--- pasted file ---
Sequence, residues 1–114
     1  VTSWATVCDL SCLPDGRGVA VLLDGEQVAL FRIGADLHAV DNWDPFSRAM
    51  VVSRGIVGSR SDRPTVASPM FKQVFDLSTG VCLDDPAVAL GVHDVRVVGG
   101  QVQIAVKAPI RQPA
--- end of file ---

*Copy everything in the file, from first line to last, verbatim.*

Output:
Sequence, residues 1–114
     1  VTSWATVCDL SCLPDGRGVA VLLDGEQVAL FRIGADLHAV DNWDPFSRAM
    51  VVSRGIVGSR SDRPTVASPM FKQVFDLSTG VCLDDPAVAL GVHDVRVVGG
   101  QVQIAVKAPI RQPA